Building Confidence By "Letting Go"

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So many people are looking for that "big breakthrough" in their life-one big event that will push them right over edge from where they are, to where they want to be. The irony is, the more someone focuses on making a huge (often overnight) change in their life, the less progress they usually make.
Building real confidence is a process, not an event. It is true that people sometimes have a major shift at some point in their life (I've had a few of these myself), but most change happens gradually, in a very up-and-down fashion.

Think about the stock market: it is much, much higher today than 20 years ago. But the path has not been a straight upward curve-there were ups, downs, twists and turns all along the way. But overall, there was tremendous progress.

Developing confidence works the same way. The path is seldom a straight 45 degree line moving ever upward. It looks more like a graph of stock market results. Up, down and occasionally all over the place. But overall, you will see tremendous progress, as long as you don't give up.

None of this is meant to discourage you, or make you feel that you cannot progress quickly, because you most certainly can. I only point out that persistence is necessary, because even when your overall direction is upward, you will still have days where the trend is downward. Everybody does. The key is to not define yourself by your worst days.

A mistake I must have made a million times was assuming that I was only as confident as my worst days. Today I see this as complete rubbish! We are NOT our worst days, and associating "who we are" with our lowest moments is a huge mistake. It blocks progress and reinforces the same old limiting beliefs we're trying to eliminate in the first place.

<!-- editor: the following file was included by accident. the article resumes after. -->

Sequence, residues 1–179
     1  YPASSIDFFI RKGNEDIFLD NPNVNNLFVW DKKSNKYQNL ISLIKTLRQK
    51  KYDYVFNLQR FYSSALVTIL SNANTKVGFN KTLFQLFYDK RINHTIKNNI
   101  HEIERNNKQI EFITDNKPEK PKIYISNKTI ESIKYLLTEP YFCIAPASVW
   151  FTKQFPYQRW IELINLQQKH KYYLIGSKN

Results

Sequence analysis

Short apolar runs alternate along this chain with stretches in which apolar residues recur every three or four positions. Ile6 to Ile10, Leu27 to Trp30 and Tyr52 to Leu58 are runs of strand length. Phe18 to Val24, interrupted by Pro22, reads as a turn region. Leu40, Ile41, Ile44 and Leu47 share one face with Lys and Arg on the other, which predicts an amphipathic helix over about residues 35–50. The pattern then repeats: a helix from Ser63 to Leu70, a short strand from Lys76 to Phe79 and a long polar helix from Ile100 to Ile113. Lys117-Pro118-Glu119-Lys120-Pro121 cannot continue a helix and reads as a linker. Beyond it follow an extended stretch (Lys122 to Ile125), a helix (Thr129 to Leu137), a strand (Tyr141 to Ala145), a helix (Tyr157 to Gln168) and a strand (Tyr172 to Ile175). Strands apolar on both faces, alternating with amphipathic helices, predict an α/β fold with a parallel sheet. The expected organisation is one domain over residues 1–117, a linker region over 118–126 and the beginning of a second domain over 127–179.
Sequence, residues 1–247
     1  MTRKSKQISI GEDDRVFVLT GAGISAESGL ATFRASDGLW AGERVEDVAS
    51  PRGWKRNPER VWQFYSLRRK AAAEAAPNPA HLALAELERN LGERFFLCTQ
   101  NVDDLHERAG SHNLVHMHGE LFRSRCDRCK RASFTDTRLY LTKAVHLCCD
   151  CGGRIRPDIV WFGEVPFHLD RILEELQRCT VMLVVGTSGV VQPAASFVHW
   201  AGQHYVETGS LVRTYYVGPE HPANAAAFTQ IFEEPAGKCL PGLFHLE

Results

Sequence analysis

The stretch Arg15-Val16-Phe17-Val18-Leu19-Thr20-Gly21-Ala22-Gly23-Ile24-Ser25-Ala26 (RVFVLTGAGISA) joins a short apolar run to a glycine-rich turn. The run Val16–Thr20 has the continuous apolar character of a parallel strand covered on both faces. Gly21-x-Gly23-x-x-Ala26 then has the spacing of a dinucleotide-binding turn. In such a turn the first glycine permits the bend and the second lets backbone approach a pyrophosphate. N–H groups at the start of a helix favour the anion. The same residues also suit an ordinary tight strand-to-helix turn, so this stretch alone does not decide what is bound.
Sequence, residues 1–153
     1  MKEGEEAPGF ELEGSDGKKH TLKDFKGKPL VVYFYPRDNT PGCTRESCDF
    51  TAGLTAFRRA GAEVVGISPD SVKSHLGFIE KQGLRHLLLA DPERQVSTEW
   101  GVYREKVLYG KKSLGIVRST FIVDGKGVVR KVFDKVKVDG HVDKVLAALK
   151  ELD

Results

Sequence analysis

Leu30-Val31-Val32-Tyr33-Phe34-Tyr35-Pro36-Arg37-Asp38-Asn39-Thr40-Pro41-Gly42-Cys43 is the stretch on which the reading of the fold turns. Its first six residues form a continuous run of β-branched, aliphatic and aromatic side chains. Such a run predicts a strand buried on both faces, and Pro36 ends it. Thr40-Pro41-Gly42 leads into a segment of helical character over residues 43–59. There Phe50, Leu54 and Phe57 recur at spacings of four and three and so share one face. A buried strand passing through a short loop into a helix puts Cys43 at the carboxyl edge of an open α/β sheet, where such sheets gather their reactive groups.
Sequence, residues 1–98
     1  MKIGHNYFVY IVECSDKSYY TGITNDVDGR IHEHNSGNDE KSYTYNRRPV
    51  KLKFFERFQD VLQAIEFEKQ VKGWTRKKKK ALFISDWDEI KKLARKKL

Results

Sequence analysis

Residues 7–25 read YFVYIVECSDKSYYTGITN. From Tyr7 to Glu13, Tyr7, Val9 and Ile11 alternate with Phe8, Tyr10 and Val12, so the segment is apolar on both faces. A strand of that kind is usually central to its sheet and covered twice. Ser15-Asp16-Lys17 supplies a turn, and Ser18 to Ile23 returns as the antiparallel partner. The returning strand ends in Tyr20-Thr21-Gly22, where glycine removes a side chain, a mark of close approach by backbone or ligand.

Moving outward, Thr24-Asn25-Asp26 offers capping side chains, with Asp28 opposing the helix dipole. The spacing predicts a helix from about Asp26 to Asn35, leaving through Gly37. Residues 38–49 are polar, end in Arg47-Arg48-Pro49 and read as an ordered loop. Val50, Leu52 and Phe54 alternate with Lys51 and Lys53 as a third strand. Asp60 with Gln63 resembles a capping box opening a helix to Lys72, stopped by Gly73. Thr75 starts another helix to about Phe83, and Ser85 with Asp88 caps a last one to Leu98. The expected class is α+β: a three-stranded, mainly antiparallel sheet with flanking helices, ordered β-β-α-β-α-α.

So how should we view those "off days" we can all have from time to time? Easy--as just "off days," and nothing more. It is not only unnecessary to attach a meaning to them, it is downright counterproductive. An off day is an off day-that's all.

So why is it so tempting to attach some kind of meaning to every low-point in our lives? I suspect it has to do with the over-analytical mind and a desire to 'control" our circumstances as much as possible. Assigning a meaning to our bad days is just another way of trying to control our situation, when what we really need is to begin "letting go."

Learning to let go can seem scary at first, but all real change involves letting go of something-old habits, behaviors or even beliefs. And when we let go of the obsessive need to "control" outcomes, real change comes remarkably fast.

About the Author:

Jon Mercer is a personal development coach and author. To learn Jon's secret techniques for building confidence quickly visit http://www.ultracon fidence.com/

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